V has become a symbol far greater than other popular film characters. Even though he is a masked man with enhanced strength and fighting skills, his tormented past at the hands of the Norsefire places him as morally righteous. He has the support of oppressed people, and by extension the sympathy of the viewer. His goals align with ours, ensuring that we perceive everything he does as just, revelatory and heroic. It’s no wonder V and Guy Fawkes masks have become real world symbols against oppression. However, V isn’t traditionally heroic, as he brutally murders his enemies without remorse or hesitation. Instead of addressing the implications of fighting for change with violence, the film rarely places judgement on V. In a way, the film’s depiction of V highlights the idea that true justice must be achieved through the loudest actions.

Stephen Fry as Deitrich.

Displaying V’s violent acts as necessary initially appears justified considering he’s essentially battling Nazis, but as the story unfolds there are some things he should be held accountable for. This refers to his treatment of Evey, which builds to a confronting narrative twist. Evey is seemingly captured by the Norsefire and put through torture and interrogation. After maintaining her will power even upon the threat of execution, it’s revealed the capture was a ruse set up by V. He explains that he hated himself for doing it, but he ‘had’ to do it so Evey would know firsthand the oppression he went through. This builds to the emotional moment of Evey in the rain, but V’s violence towards her is forgiven a little too easily. The implications of this plot thread hasn’t aged well and was even a tough pill to swallow in 2005. This aspect puts V’s methods into question, but there is another equally powerful aspect that ages better every day.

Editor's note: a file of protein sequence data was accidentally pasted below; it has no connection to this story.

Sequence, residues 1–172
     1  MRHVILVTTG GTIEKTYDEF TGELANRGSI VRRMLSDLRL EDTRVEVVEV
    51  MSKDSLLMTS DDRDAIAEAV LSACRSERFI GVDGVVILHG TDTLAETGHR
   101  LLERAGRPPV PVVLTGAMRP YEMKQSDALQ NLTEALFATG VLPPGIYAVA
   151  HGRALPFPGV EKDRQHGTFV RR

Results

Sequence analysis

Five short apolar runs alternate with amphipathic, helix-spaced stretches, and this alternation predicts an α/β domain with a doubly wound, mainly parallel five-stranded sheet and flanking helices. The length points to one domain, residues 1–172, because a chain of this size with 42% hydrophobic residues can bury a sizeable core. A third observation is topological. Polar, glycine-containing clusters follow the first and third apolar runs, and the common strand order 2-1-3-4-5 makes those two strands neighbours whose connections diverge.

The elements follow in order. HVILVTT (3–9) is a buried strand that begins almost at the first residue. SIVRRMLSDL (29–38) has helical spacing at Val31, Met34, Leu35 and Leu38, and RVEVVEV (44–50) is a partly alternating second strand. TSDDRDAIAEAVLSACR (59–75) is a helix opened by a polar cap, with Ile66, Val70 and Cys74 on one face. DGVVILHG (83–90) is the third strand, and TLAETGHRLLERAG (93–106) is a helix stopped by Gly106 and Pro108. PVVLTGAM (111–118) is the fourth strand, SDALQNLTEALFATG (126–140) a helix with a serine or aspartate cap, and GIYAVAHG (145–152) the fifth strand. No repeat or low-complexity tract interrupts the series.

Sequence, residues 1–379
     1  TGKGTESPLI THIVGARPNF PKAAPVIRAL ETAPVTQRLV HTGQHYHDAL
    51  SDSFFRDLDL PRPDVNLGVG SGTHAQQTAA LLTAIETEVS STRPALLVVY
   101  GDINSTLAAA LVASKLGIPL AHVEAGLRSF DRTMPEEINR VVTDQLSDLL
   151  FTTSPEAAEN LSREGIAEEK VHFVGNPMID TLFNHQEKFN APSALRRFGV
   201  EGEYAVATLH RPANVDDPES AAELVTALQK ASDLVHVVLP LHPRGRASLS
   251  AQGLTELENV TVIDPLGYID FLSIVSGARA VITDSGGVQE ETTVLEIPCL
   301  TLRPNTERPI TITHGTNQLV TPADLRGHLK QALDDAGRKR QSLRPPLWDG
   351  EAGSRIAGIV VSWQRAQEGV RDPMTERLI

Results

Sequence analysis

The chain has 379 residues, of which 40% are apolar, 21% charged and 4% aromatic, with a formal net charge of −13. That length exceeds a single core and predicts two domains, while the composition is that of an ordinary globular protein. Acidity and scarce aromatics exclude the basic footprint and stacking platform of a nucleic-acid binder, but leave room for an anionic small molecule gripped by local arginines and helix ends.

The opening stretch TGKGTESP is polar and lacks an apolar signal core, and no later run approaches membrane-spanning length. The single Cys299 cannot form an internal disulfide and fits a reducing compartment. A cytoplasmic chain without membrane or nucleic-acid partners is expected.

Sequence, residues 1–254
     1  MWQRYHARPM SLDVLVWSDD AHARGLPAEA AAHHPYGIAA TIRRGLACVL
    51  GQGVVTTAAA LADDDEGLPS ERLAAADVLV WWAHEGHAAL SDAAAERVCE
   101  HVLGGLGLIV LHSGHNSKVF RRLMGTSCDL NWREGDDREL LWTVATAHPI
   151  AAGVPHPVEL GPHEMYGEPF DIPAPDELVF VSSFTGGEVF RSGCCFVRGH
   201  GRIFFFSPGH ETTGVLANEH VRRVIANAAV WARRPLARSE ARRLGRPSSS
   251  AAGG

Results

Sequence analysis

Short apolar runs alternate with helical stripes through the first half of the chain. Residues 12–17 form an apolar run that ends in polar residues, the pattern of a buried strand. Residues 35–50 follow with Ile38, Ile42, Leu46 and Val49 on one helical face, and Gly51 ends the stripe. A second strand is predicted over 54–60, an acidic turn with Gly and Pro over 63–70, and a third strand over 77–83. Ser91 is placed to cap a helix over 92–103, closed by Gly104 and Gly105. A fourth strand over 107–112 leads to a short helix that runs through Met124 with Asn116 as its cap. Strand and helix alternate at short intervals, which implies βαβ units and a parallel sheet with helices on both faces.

Specifically, this refers to the subplot about Valerie (Natasha Wightman), an actress in a same sex relationship with Ruth (Mary Stockley). Despite being disowned by her parents, Valerie lived happily with Ruth and they apologised to no one for loving each other. We see the rise of the Norsefire through their eyes, which feels heartbreaking as Valerie and Ruth are soon detained in concentration camps. In 2005, it was unheard of for a major Hollywood film to show a lesbian relationship with such humanity, nor was it common to show it without any hint of titillation. Many LGBT commentators highly praised this storyline for its honesty and complexity. This narrative thread was ahead of its time, and appreciation for it continues to grow. Most importantly, this is the lynchpin that holds the narrative together, as V’s entire ethos can be traced back to a desire for equal rights.

V as everyone.

Upon V for Vendetta‘s release, there was an initial shock and some mixed reviews, but ultimately the film was embraced by audiences. The film’s moral, social and political themes didn’t go unnoticed, but the discourse wasn’t enough to overshadow people’s enjoyment of it. You can bet that if it was released now, it may not have become a modern classic. Most likely, it would’ve been boycotted or review-bombed. V for Vendetta is a highly contentious film which reveals new layers as time goes on. It’s kind of an anomaly, as V for Vendetta arguably brings viewers together even though films like this usually cause separation.

Best way to watch it: On the 5th of November. Obviously.

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Robert Fantozzi

Passionate filmmaker. Proud Italian-South African. Total Nerd.